This just in, a news release announcing approval of a medical marijuana proposal for general election.
This is one of three marijuana initiatives for which signatures are being gathered. Another medical marijuana initiative, without this one’s grow-your-own provision, is still being circulated. Its leader, Little Rock lawyer David Couch, told me late last week that believed he’d met the thresholds for signatures, at least as to required totals that should provide for a 30-day cure period should some be disqualified as not registered voters. A petition for full legalization is also circulating.
UPDATE: Couch said he would deliver his petitions to the secretary of state tomorrow, the deadline. He says polling still favors a measure without a grow-your-own provision.
Here’s the news release on the first to apparently clear the ballot, though I’ve yet to confirm this with the secretary of state. Also a challenge to the signatures could still be filed by an outside party. The Family Council tried unsuccessfully to block a 2012 marijuana measure and may try again this year.
LITTLE ROCK, Arkansas (July 7, 2016) — A citizen-driven initiative that would allow Arkansas doctors to recommend medical cannabis for sick and dying patients will be on the November ballot.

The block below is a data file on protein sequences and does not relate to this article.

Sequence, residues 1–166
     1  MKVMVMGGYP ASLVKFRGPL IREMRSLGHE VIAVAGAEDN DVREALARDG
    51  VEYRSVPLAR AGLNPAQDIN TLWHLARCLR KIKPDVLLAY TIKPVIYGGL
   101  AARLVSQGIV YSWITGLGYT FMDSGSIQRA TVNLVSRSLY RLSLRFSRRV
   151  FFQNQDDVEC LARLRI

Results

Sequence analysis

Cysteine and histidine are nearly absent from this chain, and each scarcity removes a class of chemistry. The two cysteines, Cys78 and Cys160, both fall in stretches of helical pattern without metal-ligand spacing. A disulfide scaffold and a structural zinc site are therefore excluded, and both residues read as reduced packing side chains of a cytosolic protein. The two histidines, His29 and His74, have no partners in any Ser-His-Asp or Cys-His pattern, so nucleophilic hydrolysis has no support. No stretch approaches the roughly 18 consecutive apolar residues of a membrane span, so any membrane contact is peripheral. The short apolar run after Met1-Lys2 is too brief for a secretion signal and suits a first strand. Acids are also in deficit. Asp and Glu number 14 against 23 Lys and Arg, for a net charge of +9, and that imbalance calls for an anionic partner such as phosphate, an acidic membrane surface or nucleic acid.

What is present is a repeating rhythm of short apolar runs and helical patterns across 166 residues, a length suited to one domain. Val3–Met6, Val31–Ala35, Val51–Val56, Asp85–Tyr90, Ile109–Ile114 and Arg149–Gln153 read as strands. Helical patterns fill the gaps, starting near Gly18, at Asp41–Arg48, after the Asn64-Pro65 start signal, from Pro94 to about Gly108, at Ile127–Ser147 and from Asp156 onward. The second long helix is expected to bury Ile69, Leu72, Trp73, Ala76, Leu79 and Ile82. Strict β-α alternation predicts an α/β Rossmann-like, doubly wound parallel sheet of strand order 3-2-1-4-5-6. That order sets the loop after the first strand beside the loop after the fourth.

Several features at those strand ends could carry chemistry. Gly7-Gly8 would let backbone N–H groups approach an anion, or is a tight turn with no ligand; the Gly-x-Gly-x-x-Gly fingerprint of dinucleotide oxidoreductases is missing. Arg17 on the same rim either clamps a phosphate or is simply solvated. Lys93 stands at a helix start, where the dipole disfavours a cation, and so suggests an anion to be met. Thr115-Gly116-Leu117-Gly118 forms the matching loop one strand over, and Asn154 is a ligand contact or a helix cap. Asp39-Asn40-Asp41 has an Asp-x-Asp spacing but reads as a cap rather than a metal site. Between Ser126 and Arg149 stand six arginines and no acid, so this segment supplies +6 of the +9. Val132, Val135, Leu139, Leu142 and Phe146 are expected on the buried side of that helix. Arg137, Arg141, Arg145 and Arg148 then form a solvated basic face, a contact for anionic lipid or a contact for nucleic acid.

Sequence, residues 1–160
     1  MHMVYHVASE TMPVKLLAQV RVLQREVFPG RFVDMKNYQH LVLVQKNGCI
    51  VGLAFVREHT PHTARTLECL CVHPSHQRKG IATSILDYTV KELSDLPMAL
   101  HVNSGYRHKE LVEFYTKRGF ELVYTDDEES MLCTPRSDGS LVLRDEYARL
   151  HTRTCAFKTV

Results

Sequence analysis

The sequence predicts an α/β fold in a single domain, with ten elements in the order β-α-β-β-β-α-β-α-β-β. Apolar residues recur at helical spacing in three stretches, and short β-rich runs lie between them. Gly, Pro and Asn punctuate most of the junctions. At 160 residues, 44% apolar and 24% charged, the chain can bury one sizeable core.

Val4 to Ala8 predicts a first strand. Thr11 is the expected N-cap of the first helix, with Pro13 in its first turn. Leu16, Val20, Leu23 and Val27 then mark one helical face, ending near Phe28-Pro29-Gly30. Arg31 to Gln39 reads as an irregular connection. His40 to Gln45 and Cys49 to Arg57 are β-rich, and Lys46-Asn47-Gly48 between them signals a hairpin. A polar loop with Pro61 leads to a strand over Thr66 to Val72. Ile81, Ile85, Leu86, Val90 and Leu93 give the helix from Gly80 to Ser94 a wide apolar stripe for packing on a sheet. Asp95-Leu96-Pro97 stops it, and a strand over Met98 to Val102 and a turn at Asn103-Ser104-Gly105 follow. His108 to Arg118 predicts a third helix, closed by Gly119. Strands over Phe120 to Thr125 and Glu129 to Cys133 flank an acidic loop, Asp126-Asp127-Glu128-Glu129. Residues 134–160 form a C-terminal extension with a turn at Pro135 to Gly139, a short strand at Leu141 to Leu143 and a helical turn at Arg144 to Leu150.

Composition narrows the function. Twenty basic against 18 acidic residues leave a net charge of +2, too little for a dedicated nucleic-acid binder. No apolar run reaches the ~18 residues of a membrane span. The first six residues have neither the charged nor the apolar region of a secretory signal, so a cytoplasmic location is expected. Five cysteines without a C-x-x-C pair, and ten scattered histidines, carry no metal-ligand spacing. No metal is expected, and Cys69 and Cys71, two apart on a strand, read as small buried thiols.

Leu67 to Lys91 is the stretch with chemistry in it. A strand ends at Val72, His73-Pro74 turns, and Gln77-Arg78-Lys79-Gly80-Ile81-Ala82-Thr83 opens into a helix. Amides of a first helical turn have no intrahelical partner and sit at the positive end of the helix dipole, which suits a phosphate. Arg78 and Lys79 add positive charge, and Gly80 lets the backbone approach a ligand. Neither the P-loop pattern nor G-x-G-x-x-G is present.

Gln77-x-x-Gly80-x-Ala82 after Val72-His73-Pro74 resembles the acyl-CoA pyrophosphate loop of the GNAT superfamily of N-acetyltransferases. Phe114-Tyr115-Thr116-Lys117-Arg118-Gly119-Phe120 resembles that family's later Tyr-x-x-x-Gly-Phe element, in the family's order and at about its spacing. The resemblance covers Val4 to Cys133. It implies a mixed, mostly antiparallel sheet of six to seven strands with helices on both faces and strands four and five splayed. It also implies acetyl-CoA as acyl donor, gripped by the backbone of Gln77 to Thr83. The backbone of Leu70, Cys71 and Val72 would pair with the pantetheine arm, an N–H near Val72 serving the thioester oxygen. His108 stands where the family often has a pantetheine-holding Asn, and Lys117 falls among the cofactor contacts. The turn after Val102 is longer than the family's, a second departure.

Mark Martin, the Secretary of State, confirmed today that Arkansans for Compassionate Care (ACC) collected 77,516 valid signatures—more than enough to place the Arkansas Medical Cannabis Act on the ballot.
If voters approve the Arkansas Medical Cannabis Act, their state will join 25 others and Washington D.C. in allowing doctors to write recommendations for cannabis to alleviate specified medical conditions.
In 2012, ACC sponsored a similar act which came within two percent of becoming Arkansas state law. Support for the issue has only grown in the last four years, and a recent poll by Talk Business & Politics/Hendrix College indicates that nearly 60% of Arkansas voters approve of doctors being able to recommend cannabis as medicine for certain conditions.
This year, however, ACC is facing competition in the form of a second initiative, The Arkansas Medical Marijuana Amendment (AMMA).
“Unfortunately,” said Melissa Fults, ACC’s campaign director, “polling suggests that if both initiatives make the ballot, it’s almost certain that both will fail. Today, as we turn toward November, I’m asking Jason Polk & David Couch to end their campaign and join us to ensure sick and dying Arkansans get the most patient-oriented initiative we can. Please do not place thousands of sick and dying Arkansans’ future in jeopardy. Patients need safe and legal access to cannabis and if you continue we risk losing the best chance that we’ve ever had. Placing two initiatives on the ballot will cause both to fail.”
The AMCA allows doctors to recommend medical cannabis to patients with certain debilitating or life-threatening medical conditions. This includes conditions such as cancer, HIV/AIDS, hepatitis C, Crohn’s disease, post-traumatic stress disorder and Alzheimer’s—but more importantly, it includes devastating conditions left out of the AMMA like lupus, autism, and Parkinson’s disease.